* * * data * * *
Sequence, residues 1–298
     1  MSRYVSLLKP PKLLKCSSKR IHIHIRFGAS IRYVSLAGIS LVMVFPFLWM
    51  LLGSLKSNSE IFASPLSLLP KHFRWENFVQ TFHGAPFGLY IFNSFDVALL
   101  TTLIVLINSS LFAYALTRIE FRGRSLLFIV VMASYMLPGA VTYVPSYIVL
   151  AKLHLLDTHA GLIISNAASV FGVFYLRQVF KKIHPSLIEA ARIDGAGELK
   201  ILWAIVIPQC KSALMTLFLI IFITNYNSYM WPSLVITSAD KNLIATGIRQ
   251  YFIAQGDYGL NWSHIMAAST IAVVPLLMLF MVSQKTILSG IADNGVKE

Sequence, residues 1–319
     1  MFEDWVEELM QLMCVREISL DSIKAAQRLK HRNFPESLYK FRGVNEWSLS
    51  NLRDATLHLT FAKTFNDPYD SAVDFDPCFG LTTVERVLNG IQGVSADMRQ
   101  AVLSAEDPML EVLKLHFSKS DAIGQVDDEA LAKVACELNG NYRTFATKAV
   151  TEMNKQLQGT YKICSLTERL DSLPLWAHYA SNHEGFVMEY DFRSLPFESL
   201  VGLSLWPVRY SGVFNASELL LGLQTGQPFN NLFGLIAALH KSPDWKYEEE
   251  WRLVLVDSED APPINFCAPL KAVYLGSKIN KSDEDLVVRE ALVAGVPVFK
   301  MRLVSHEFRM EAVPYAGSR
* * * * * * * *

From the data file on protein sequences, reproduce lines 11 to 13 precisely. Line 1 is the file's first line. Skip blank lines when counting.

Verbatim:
   101  AVLSAEDPML EVLKLHFSKS DAIGQVDDEA LAKVACELNG NYRTFATKAV
   151  TEMNKQLQGT YKICSLTERL DSLPLWAHYA SNHEGFVMEY DFRSLPFESL
   201  VGLSLWPVRY SGVFNASELL LGLQTGQPFN NLFGLIAALH KSPDWKYEEE